Airplane Noise and Real Estate


Before you rent or buy that new home, look up and listen. One of the most unpleasant moving-day surprises is a constant procession of low-flying planes and the noise that comes with them.

In a recent study, Localize.city, the real estate data and listings site, examined airplane noise in New York City and which neighborhoods were most likely to bear the brunt of it. Specifically, the site looked at areas where noise levels exceeded 55 decibels — or roughly the equivalent of a television with the sound on low, or conversational speech. Anything higher quickly becomes intolerable: Once you get up to 65 decibels, the Federal Aviation Administration has determined, an area may not be suitable for residential use.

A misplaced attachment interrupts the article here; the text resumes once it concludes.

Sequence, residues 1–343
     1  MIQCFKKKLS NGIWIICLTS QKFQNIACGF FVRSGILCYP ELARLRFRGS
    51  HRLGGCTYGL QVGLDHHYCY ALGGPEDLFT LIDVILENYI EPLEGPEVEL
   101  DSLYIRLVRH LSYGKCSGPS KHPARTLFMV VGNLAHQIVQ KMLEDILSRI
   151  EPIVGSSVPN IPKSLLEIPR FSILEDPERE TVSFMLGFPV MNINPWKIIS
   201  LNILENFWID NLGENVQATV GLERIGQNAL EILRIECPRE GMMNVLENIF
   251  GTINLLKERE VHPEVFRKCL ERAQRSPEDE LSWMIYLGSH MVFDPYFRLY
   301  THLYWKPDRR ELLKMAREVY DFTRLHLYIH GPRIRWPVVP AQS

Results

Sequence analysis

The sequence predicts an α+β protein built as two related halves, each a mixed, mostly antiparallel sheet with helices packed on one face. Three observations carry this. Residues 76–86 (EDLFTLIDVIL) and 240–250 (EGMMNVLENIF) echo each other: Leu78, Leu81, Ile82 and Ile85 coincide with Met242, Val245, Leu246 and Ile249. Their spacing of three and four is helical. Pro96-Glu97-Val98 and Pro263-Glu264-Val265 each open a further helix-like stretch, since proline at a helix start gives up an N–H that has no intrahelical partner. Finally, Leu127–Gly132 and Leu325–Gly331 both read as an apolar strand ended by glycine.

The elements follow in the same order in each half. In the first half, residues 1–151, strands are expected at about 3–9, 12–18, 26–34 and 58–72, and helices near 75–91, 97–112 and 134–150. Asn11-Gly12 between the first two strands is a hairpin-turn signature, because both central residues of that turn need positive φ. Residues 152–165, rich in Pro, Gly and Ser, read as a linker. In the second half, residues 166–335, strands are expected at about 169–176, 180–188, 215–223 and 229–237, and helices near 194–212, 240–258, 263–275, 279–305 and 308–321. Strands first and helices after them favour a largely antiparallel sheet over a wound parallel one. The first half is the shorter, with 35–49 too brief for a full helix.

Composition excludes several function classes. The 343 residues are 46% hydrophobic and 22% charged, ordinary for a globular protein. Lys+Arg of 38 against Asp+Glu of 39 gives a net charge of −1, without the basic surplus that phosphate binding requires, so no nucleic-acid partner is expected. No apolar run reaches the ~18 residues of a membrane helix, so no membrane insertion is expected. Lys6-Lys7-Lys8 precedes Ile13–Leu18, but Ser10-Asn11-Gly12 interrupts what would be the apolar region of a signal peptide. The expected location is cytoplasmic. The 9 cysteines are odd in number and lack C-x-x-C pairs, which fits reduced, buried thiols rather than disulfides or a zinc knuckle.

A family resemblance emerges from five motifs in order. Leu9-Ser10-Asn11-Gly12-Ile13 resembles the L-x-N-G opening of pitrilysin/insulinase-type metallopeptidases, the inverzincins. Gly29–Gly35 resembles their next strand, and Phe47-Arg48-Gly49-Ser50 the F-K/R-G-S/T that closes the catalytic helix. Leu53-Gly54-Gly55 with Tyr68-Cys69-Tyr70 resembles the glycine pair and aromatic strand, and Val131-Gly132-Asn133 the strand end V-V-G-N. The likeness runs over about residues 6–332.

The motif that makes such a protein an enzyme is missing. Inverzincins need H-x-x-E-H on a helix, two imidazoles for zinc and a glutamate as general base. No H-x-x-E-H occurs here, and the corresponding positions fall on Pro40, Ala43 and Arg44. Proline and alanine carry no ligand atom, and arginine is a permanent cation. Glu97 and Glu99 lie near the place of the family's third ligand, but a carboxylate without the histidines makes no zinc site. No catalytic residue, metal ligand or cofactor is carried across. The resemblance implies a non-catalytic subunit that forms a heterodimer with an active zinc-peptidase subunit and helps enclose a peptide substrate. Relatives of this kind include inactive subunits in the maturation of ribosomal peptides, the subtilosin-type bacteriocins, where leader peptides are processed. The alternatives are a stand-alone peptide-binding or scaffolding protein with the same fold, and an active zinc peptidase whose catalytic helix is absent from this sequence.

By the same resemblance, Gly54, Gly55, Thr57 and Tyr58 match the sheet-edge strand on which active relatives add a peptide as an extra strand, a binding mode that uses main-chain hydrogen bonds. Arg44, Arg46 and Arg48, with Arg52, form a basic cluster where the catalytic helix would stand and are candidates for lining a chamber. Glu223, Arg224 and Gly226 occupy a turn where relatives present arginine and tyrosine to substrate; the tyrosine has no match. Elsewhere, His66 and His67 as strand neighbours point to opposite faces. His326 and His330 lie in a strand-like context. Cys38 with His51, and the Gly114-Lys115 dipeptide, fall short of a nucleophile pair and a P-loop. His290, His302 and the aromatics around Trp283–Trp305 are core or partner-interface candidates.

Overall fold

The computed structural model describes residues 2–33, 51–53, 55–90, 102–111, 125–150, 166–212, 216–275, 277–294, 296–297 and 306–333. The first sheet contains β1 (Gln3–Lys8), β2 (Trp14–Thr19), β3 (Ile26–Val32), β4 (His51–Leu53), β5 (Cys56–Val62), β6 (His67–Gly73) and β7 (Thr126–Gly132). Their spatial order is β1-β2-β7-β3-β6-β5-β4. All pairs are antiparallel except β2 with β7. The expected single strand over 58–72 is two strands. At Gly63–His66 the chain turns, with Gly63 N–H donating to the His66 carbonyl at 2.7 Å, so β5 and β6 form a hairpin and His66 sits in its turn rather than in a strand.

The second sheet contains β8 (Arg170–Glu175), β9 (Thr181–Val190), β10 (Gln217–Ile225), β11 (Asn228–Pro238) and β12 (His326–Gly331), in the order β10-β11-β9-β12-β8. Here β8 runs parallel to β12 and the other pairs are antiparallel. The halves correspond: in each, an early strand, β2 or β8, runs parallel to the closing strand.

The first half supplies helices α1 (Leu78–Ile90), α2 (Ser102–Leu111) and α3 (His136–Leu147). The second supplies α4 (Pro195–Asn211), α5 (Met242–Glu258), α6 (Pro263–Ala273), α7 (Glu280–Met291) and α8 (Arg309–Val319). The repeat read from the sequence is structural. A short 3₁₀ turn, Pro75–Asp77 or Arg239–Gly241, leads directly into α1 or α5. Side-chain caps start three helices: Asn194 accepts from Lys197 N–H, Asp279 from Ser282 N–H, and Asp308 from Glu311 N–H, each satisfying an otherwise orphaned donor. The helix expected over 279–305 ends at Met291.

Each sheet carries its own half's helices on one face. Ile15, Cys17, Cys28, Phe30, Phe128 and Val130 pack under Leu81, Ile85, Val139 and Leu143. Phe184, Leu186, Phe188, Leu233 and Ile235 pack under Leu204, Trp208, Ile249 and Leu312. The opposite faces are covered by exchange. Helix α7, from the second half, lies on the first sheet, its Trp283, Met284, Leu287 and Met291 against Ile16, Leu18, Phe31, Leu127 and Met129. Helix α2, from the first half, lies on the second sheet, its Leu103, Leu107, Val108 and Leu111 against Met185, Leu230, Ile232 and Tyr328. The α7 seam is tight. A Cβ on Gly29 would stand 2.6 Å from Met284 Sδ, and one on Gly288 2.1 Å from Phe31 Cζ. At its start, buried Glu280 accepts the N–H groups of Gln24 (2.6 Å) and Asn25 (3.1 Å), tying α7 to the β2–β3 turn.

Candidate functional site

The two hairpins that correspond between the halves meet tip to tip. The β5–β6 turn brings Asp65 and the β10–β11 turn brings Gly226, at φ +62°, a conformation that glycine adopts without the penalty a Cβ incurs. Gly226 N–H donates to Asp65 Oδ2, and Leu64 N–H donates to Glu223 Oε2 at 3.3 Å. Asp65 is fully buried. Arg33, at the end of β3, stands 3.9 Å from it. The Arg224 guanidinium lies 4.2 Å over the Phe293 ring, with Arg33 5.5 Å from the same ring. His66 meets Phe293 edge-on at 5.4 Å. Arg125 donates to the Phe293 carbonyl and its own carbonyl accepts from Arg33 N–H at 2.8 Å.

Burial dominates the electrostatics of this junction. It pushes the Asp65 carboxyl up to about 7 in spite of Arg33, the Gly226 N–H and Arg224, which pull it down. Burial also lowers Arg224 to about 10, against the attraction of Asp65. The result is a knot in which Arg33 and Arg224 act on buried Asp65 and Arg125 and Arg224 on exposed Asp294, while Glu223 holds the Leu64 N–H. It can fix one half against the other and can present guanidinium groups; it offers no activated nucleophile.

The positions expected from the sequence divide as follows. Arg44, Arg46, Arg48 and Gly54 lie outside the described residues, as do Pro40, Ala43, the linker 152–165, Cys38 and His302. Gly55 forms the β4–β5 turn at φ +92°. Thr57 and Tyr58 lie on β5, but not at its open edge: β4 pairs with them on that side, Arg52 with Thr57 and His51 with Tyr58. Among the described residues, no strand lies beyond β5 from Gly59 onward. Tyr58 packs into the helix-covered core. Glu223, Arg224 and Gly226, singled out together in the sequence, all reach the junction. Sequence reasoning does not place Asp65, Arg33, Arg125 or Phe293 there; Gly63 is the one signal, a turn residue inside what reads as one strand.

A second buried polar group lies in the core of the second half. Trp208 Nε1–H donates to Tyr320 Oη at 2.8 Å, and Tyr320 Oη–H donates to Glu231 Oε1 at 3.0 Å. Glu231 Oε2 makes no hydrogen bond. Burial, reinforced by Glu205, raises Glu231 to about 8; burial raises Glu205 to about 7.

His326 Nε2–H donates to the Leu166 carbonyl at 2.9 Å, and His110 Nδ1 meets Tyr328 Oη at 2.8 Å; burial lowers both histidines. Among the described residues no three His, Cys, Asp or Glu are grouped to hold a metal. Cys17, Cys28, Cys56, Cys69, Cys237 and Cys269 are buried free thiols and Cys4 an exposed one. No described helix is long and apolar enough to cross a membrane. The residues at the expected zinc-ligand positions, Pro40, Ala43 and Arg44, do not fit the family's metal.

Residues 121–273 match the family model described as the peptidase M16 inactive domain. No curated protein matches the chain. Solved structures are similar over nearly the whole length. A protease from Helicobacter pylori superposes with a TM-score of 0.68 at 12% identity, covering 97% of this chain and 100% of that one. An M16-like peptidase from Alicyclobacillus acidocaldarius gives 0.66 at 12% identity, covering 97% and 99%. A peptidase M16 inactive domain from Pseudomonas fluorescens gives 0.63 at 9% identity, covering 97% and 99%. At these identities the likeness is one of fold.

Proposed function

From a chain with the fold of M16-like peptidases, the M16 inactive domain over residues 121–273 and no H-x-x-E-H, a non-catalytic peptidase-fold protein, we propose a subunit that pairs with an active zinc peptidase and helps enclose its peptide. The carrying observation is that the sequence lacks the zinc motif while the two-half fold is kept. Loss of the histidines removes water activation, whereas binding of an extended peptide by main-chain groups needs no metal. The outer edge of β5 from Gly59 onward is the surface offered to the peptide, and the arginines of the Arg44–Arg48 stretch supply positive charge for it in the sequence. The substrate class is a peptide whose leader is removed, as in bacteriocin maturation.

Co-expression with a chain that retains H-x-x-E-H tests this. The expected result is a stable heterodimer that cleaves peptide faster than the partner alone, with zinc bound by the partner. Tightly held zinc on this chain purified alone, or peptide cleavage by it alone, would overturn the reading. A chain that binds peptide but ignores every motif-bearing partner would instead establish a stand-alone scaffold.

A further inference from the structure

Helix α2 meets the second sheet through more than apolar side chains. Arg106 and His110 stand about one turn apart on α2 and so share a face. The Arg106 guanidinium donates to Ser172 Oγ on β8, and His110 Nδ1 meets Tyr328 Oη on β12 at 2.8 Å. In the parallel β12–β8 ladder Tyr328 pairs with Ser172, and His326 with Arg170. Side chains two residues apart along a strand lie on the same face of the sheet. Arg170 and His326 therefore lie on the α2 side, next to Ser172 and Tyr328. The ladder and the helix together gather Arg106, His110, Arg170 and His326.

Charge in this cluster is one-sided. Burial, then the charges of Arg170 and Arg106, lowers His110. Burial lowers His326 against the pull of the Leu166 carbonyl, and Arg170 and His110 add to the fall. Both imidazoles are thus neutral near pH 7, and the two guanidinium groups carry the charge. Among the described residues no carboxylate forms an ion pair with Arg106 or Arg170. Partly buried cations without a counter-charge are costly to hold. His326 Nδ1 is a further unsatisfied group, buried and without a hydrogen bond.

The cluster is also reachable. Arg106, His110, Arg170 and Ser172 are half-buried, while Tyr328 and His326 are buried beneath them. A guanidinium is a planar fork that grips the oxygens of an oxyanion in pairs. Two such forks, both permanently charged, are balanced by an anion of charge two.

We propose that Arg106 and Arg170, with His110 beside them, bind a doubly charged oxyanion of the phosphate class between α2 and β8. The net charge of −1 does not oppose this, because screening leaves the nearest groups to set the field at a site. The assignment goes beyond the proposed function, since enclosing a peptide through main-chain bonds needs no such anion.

Using information from a 2017 Port Authority of New York and New Jersey noise-impact study and 2014-17 complaint data obtained from the Port Authority through the Freedom of Information Law, Localize.city was able to identify the listings for homes where residents would experience the most airplane noise.

With the city’s two major airports in Queens, it should come as no surprise that airplane noise was worst in that borough. In fact, the study found, one in 10 listings is likely to suffer from excessive noise.

But it’s not as simple as proximity to an airport — the more important factor is flight paths, and which neighborhoods are beneath them. In Brookville, just north of Kennedy International Airport, 96 percent of all home listings were in a zone where noise levels topped 70 decibels — something resembling the sound of a blow dryer or vacuum cleaner.

Of all the neighborhoods in New York City, these 20 were identified as having the largest share of listings where buyers may have to contend with more noise than they bargained for.



Sahred From Source link Real Estate

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